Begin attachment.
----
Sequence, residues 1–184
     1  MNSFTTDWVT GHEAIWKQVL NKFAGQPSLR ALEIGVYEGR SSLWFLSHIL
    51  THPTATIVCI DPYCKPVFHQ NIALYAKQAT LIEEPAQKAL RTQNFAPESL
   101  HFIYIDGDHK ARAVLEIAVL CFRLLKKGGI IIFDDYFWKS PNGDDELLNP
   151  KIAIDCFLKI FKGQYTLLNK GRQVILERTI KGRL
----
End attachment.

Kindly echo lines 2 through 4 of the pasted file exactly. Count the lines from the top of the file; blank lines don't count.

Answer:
     1  MNSFTTDWVT GHEAIWKQVL NKFAGQPSLR ALEIGVYEGR SSLWFLSHIL
    51  THPTATIVCI DPYCKPVFHQ NIALYAKQAT LIEEPAQKAL RTQNFAPESL
   101  HFIYIDGDHK ARAVLEIAVL CFRLLKKGGI IIFDDYFWKS PNGDDELLNP